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Fairmont/Monticello, LLC v. LXS Investments, Inc.

Court of Appeals of Missouri, Eastern District, Fourth Division

June 12, 2018

FAIRMONT/MONTICELLO, LLC, Plaintiff/Appellant,
v.
LXS INVESTMENTS, INC. d/b/a THE DRUNKEN FISH, Defendant/Respondent.

          Appeal from the Circuit Court of the City of St. Louis Honorable Jason M. Sengheiser

          OPINION

          LISA VAN AMBURG, JUDGE

         Fairmont/Monticello (Landlord) appeals the trial court's judgment in favor of LXS Investments (Tenant) in this action for unlawful detainer. We reverse and remand.

         Background

         Landlord owns real estate in the City of St. Louis. Tenant operates a restaurant called The Drunken Fish. In 2006, the parties entered into an agreement for the lease of commercial space at One Maryland Plaza in the Central West End neighborhood. As relevant here, that agreement provided as follows:

Default: In the event of any failure of Tenant to pay any rental due hereunder within thirty (30) days after the same shall be due, or any failure to perform any other of the terms, conditions, or covenants of this Lease to be observed or performed by Tenant for more than ten (10) days after written notice of such default ... Landlord, besides other rights or remedies it may have, shall have the immediate right of re-entry ... . ... Landlord does not waive its right to pursue any other right or remedy to which it may be entitled ... .
Waiver. The waiver by Landlord of any breach of any term, covenant, or condition ... shall not be deemed to be a waiver of such term, covenant, or condition. ... The subsequent acceptance of rent hereunder by Landlord shall not be deemed to be a waiver of any preceding breach by Tenant of any term, covenant, or condition of this Lease, other than the failure of Tenant to pay the particular rent so accepted. … Time is strictly of the essence of Tenant's performance of all covenants and agreements ... and in the payment of all sums to be paid.

         In 2015, the parties entered into an amendment to the original lease providing in pertinent part:

Renewal Option: Provided Tenant is not then in default and has not been in default during the term of this Lease and any prior option term, whether or not Landlord shall have notified Tenant in writing of such default and whether or not such default shall have been cured by Tenant, ... Tenant shall have the right and option ... to extend the term of this Lease [for five years commencing January 1, 2017].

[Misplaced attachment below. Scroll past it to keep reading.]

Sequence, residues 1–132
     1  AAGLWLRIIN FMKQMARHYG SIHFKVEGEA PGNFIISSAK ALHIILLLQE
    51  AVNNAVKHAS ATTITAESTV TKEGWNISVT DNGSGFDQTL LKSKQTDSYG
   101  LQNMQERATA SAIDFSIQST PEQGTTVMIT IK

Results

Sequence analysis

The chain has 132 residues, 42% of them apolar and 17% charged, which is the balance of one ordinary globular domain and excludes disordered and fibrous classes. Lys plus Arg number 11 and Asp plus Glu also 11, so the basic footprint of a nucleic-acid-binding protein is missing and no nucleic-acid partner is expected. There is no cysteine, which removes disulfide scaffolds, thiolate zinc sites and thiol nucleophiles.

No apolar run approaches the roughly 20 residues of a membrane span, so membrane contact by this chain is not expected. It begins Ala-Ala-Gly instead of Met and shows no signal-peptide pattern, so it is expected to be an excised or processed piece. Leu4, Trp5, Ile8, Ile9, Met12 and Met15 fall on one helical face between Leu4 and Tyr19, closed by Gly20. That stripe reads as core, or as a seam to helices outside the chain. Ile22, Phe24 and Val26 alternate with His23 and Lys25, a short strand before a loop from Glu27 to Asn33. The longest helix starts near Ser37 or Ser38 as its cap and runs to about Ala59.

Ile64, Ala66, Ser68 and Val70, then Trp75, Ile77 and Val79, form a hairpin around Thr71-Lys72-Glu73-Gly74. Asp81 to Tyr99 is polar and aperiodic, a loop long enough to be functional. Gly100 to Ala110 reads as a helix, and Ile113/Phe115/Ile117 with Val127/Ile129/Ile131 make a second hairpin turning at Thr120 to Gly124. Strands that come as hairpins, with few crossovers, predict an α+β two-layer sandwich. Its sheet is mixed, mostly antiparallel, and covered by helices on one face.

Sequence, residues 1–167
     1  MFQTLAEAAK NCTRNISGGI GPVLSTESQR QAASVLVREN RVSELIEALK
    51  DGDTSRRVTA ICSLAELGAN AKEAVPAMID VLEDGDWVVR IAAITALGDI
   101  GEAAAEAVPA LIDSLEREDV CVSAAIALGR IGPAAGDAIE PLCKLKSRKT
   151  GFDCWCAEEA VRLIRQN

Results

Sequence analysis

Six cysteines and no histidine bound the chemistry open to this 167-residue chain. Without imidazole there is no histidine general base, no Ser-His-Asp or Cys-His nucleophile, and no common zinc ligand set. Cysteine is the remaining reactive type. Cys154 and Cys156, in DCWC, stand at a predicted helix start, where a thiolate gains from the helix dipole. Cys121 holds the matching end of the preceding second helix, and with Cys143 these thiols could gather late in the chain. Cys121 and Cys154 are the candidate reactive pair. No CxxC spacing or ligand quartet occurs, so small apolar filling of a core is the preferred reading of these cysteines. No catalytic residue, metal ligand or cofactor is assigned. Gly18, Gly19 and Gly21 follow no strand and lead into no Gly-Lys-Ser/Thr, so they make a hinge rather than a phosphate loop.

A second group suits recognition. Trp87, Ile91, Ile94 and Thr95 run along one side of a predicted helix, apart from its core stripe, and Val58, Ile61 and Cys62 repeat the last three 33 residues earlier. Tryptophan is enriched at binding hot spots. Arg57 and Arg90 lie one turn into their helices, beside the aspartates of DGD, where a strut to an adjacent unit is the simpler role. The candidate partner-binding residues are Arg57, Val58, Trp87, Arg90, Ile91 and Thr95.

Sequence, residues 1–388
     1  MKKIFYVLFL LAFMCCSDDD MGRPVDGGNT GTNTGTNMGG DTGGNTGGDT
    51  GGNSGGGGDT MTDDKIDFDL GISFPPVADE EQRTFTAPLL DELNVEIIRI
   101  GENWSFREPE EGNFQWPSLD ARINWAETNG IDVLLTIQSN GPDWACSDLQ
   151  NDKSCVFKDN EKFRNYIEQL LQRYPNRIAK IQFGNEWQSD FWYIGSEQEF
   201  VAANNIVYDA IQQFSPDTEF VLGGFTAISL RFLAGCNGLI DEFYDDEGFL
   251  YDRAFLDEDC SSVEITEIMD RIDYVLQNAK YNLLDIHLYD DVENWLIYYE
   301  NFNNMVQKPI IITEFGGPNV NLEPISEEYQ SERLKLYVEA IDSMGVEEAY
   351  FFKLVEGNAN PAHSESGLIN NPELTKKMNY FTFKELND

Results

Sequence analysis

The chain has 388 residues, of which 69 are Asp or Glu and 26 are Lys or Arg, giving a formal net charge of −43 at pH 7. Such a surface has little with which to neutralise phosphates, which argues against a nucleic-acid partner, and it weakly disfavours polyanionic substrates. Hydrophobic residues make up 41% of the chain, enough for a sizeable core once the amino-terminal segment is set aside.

6. ... In the event of any conflict between the Lease and this First Amendment, the terms and conditions of this First Amendment shall control.

         In 2016, Tenant notified Landlord of its intent to renew the lease for another 5-year term. Landlord rejected Tenant's attempt to renew, citing Tenant's failure to perform certain obligations during the existing term (e.g., to pay rent on time, furnish insurance policies and maintenance agreements, maintain windows, hydroflush sewer lines, maintain grease traps). Tenant refused to vacate the premises, asserting that it wasn't in default because Landlord never provided Tenant notice as contemplated in the Default clause. Landlord responded that notice wasn't required under the Renewal clause and filed suit against Tenant for unlawful detainer.

         At trial, Tenant testified as follows. Tenant negotiated a lower rent rate under the amendment due to the condition of the premises, and Tenant had since spent approximately $200, 000 on improvements. Though Tenant had not read or complied with the lease in the aforementioned respects, it had always maintained the policies, paperwork, and utilities in question, it just hadn't provided proof of the same to Landlord because Landlord never asked. Though some rent payments were posted after the due date, Tenant generally paid rent when it received an invoice, and, under the lease, late charges didn't apply until five days after the due date. Tenant suggested that Landlord was attempting to get out of the lease for a more lucrative deal. Tenant argued that its renewal was effective and enforceable - Landlord wasn't entitled to refuse. Landlord admitted that it had accepted late payments in the past but noted that the Waiver clause reserved Landlord's rights as to any instances of non-compliance. Landlord argued that, notwithstanding the Default clause, the Renewal clause specifically predicated Tenant's right to renew upon the absence of non-compliance, regardless of notice.

         The trial court entered judgment in favor of Tenant, reasoning that a conflict between the Renewal and Default clauses created an ambiguity, which should be construed against Landlord as the drafter. Thus, the court interpreted "default" in the Renewal clause to first require notice as provided in the Default clause. As such, the court concluded that Tenant was not in "default, " so Tenant effectively exercised its option to renew. Landlord appeals and asserts that the trial court's interpretation is erroneous as a matter of law.

         Standard ...


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